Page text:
One of the most popular tools on 23andMe is called "Relative Finder," which quite literally means what its name implies. Using this tool, based on one's DNA sequence, a 23andMe customer can see who amongst the 23andMe community of more than 150,000 people are your relatives. For some folks, this has led to the discovery of previously unknown very close relatives such as siblings. In my case, as the first person in my apparently fairly reproductively boring, immediate family to do 23andMe, I found no shocks of new siblings or anything like that, but there were a very large number -- more than a hundred, in fact -- of new cousins out there. According to Afarian, given the number of genomic segments that I share with these relatives, some of them almost certainly share great- or great-great- grandparents with me, which I found very intriguing. Unlike Ancestry.com, which is one of the few even remotely similar competitors of 23andMe out there, 23andMe finds real, living, breathing people. Ancestry.com predominantly identifies dead relatives, which is still quite interesting to me, but not quite the same.
Now that my mom and my two brothers have also done 23andMe, I can subsequently see them listed as my relatives on my 23andMe webpage. 23andMe also allows family members, if so inclined, to share their genomic information. My mom, my two brothers and I have shared our genomic information, leading to some interesting discoveries via 23andMe. For example, I am more similar to my brothers than to my mom. I asked Mountain about this and she said that while children's genomic similarity to their parents is largely fixed, just how related you are to your siblings can interestingly vary a bit. I can also see when comparing our family's DNA that my brothers and I are not only the same blood type, but share every minor component of blood type but one. Fortunately for my two brothers, according to 23andMe they share 100 percent immune compatibility, indicating they could likely give each other organs or bone marrow if needed. No such luck for me, as I'm not much more similar to them on the immunological front than to strangers.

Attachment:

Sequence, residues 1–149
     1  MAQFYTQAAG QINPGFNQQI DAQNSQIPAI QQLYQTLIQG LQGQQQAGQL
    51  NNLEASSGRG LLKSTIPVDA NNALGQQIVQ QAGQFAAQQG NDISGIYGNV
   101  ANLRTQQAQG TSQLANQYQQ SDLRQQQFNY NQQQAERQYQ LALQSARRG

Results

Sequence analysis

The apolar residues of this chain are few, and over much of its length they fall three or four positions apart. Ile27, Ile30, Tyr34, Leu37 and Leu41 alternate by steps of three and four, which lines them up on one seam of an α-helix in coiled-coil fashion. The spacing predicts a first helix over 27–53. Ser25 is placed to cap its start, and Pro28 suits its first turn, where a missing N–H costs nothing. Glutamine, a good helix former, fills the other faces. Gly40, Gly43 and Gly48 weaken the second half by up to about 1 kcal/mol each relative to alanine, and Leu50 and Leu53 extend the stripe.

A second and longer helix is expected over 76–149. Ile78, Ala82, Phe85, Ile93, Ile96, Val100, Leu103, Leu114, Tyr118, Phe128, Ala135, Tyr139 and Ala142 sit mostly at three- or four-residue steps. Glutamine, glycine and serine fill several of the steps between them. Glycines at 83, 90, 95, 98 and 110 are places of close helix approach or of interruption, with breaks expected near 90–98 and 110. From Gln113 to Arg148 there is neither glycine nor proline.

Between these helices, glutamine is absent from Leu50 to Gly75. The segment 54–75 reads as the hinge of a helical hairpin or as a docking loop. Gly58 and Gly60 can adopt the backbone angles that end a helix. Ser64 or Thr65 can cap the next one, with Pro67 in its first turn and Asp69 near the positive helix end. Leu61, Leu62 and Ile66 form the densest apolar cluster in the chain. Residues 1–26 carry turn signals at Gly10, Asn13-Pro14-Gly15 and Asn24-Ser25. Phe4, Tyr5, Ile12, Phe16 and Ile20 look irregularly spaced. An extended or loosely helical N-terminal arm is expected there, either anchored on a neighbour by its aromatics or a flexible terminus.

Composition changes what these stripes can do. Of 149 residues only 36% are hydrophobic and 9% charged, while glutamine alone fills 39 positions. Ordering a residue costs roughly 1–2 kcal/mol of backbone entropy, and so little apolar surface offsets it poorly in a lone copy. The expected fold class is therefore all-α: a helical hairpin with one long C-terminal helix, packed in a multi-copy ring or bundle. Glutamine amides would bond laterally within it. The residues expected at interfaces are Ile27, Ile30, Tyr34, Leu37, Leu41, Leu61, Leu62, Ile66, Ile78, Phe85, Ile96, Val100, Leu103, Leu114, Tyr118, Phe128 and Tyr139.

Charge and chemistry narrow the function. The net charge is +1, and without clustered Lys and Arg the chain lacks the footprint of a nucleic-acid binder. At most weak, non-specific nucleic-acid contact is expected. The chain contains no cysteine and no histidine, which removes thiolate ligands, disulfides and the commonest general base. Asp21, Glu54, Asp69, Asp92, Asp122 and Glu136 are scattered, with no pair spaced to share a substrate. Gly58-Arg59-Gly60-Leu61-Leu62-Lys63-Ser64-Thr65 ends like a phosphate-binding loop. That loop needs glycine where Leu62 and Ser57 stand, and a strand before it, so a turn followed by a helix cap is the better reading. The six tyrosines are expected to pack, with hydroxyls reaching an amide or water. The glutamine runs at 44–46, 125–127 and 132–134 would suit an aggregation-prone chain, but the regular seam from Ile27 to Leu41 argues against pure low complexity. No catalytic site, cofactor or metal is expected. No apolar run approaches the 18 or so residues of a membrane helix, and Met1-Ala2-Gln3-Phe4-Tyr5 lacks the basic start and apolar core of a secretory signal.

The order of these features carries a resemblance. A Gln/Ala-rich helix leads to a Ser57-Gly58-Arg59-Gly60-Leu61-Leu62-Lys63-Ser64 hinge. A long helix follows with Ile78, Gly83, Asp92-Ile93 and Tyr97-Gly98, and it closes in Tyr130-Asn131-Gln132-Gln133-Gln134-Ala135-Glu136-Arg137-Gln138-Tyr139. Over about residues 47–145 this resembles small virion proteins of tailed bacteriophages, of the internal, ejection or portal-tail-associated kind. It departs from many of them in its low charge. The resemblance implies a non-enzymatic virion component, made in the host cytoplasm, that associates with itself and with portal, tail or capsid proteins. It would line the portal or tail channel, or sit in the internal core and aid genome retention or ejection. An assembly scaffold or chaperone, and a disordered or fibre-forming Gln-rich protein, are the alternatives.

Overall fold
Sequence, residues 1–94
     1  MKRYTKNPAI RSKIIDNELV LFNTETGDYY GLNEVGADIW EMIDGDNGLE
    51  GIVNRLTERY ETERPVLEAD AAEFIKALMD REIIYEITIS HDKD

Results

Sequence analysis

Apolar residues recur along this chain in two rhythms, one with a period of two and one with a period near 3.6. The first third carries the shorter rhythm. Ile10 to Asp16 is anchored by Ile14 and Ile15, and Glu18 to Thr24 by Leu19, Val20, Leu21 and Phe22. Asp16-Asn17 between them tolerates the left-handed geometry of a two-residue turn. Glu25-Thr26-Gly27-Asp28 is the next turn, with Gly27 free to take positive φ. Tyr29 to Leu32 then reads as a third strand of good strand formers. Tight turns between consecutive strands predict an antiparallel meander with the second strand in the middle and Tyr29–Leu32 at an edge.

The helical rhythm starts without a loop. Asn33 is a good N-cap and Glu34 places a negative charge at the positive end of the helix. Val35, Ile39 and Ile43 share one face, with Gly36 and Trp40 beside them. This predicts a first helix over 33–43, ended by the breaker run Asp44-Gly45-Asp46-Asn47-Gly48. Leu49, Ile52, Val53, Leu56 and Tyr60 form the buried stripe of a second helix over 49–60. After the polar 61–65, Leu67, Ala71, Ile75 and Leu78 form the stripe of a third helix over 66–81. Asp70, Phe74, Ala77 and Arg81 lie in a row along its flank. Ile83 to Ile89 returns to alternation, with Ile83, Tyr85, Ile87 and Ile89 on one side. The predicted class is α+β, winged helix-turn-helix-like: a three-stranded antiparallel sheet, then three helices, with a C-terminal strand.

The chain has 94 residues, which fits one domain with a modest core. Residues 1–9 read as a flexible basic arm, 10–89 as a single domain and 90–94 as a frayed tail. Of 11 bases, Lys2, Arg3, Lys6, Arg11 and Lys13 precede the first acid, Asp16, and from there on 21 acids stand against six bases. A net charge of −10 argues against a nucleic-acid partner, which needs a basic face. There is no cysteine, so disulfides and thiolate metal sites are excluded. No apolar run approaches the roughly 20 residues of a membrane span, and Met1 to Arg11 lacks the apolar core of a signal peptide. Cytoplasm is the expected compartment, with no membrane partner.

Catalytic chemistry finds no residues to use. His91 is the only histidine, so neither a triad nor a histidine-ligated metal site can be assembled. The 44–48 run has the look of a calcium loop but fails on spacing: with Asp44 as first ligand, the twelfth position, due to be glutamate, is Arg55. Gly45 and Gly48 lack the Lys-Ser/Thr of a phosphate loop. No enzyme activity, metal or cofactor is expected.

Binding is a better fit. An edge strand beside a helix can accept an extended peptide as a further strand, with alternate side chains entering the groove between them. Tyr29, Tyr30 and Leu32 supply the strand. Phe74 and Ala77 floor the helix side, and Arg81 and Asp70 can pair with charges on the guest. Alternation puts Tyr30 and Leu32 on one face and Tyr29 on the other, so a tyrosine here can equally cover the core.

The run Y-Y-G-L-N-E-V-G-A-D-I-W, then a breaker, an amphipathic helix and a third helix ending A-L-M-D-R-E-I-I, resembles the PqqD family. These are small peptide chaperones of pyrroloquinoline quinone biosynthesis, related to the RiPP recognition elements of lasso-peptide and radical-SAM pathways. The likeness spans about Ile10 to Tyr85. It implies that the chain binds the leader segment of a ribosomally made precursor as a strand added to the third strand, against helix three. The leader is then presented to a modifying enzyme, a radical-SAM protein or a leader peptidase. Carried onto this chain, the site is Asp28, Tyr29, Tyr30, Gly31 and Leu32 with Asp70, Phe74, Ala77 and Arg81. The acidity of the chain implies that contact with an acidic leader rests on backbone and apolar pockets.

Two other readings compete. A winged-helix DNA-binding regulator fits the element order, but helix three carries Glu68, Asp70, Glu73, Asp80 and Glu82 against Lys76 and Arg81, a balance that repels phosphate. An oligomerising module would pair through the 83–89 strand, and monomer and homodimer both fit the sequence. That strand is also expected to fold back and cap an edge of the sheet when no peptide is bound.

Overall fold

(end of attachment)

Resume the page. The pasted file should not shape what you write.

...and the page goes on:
It is important to note the competitors of 23andMe out there that do genomics and genetics analyses. One of them could potentially wrestle the leading spot from 23andMe in the future. Who are these competitors? deCodeme is a competitor that does DNA analysis, but charges $1,100. It also is not clear that deCodeme has any way to find relatives. Another player in the arena is Pathway Genomics, but a disadvantage there is that they do not sell a direct-to-consumer product, meaning you have to do everything via your physician. I had trouble finding out the cost. Competitor Navigenics has been purchased by Life Technologies, and as of August of this year no longer is taking new customers. Since I've not used these other services, it is impossible for me to compare them with each other or with 23andMe. I suspect as personal genomics continues to enter the public consciousness, there will be even more companies out there, each working to find a sustainable business model.
Stay tuned for part three of these series, where I will focus on the potential serious downsides to personal genomics, how personal genomics may provide different experiences for those with various ethnic backgrounds, and what the future holds for personal genomics as well as its impact on society.
Disclosure: 23andMe gave me a free analysis of my genome at my request as I was researching this article on personal genomics. I have no financial interest in the company.